SELF-CARE: An Anti-Anxiety Breathing Technique

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There was a period this semester when I was not able to sleep until 5 or 6 in the morning due to stress and anxiety that I was facing at school. When I finally did get some sleep, it wasn’t enough either. So, I decided to seek student counseling services after realizing how serious of an issue it was and made an appointment with a therapist.

(In the future, I hope to write a blog post on the importance of taking care of your mental health and seeking support services when you need it.)

Oftentimes, it takes about 4-6 sessions before a school therapist can give any student concrete solutions for their personal health concerns because the therapist needs time to better understand the student’s background. Unfortunately for me, I only had enough time to attend 1 session because the semester was almost ending.

However, I did get to learn a breathing technique that I’d like to share with those who are interested. The technique is not a big of a deal, but I’d highly suggest everyone with sleep problems to try it out. When I started using it, I began to sleep much earlier than before.

  1. Make sure that you’re lying down, getting ready to sleep.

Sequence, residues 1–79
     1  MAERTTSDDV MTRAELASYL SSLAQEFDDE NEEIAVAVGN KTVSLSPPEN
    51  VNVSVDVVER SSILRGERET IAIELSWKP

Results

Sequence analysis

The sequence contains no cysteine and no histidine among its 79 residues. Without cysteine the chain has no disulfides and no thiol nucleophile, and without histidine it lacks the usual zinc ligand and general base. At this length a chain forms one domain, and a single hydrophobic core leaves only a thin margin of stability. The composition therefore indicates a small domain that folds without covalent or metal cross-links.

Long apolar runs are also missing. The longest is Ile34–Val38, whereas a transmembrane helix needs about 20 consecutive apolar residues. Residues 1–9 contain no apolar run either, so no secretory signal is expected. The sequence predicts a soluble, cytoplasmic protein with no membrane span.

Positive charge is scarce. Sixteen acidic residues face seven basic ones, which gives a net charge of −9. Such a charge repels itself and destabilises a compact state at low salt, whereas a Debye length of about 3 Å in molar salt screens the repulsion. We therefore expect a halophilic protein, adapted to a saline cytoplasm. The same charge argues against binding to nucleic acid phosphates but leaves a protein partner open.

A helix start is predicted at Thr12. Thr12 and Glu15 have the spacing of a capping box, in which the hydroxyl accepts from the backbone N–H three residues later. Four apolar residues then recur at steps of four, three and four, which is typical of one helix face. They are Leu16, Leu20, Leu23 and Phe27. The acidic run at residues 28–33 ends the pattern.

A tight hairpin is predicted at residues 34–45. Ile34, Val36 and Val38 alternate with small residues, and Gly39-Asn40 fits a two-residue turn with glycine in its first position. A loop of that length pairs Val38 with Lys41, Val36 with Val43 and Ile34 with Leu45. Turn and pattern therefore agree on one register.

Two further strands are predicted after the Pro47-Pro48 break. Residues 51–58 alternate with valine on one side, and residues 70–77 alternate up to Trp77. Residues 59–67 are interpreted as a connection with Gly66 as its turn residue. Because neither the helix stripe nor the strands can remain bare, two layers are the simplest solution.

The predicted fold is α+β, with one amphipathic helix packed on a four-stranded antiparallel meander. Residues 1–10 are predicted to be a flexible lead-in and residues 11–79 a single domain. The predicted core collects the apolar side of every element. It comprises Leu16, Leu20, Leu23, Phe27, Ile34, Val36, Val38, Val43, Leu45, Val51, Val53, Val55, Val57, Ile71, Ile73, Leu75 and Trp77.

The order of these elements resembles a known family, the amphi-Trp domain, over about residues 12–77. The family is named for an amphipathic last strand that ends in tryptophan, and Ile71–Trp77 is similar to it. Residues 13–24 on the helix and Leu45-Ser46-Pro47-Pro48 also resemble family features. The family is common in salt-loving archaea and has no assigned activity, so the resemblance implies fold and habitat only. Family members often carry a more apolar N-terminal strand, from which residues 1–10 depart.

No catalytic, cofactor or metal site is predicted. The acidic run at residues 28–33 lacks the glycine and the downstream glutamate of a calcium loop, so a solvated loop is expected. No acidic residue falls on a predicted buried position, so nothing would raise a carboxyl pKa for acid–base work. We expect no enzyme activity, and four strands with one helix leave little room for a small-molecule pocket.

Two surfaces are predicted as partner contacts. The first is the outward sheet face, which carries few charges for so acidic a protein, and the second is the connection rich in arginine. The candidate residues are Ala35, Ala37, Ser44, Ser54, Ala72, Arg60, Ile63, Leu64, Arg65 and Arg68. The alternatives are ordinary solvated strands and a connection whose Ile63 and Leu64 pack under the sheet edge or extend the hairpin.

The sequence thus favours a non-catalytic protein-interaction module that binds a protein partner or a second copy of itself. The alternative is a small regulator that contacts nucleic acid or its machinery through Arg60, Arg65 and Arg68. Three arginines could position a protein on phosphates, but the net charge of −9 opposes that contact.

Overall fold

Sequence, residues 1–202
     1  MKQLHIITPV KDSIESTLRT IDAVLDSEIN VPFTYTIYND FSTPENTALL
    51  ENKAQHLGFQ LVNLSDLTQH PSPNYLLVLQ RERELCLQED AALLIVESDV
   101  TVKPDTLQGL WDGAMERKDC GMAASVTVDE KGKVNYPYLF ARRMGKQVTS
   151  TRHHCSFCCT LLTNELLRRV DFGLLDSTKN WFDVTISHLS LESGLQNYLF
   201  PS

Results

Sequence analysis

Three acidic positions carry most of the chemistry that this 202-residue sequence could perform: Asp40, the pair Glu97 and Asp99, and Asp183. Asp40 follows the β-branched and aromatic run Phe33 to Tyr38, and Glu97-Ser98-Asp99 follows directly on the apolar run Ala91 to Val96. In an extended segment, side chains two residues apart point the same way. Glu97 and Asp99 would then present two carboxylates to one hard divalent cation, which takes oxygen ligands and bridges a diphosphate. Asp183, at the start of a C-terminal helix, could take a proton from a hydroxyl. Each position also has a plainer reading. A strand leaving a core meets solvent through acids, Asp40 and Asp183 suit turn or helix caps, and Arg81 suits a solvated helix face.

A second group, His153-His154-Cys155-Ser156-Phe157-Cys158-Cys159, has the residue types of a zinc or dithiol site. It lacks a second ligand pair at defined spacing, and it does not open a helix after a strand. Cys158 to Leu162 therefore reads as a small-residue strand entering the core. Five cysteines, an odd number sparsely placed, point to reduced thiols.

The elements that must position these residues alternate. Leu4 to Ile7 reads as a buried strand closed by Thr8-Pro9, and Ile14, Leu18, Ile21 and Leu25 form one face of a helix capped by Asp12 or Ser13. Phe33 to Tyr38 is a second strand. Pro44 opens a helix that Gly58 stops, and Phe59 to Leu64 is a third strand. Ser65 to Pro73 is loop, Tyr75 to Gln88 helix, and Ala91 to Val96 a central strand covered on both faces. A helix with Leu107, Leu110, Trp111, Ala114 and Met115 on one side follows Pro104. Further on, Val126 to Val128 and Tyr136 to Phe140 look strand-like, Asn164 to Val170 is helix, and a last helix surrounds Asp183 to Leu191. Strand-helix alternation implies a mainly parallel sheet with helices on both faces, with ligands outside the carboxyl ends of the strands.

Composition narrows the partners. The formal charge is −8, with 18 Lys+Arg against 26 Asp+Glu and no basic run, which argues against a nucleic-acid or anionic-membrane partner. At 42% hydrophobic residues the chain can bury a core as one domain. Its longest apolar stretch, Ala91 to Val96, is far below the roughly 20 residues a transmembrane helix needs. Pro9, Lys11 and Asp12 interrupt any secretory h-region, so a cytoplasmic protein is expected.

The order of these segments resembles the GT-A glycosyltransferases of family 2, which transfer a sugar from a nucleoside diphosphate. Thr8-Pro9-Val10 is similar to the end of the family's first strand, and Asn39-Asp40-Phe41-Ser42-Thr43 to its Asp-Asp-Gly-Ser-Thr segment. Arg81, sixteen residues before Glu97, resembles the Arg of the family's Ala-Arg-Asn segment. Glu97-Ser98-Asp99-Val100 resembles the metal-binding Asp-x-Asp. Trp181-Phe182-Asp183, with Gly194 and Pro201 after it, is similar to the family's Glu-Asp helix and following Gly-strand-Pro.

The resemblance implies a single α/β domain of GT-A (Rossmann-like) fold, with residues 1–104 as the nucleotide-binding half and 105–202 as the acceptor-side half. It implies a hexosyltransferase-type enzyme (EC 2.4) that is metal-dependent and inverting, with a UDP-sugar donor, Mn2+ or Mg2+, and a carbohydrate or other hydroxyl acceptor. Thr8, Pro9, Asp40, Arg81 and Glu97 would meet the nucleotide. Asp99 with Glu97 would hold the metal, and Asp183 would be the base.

2. Close your eyes. Pace your breathing.
  3. Imagine a container, any kind of container. Really focus on the details of this container for as long as you can. It’ll take you at least a minute to do so. What does it look on the outside? And the inside? What types of materials is it made of? How heavy or light is it? While you’re considering the small details, make sure that you’re taking your time doing so. 
  4. Then, imagine that your worries are bunched up and have taken some form of physical manifestation. Again, take your time picturing yourself bringing your worries to your mental container to store them.
  5. Once you’ve done that, close your container and put a lock on it. By then, you should be caught up in a mental state of “flow” – or at least that’s what I’d call it – in which you’re no longer actively thinking about anything that keeps you up at night.

I find this technique to be pretty effective but am still very curious as to whether it would work on you. If you’ve tried this technique, please share your experience with me in the section for comments below.

Good luck.

Jess.

 

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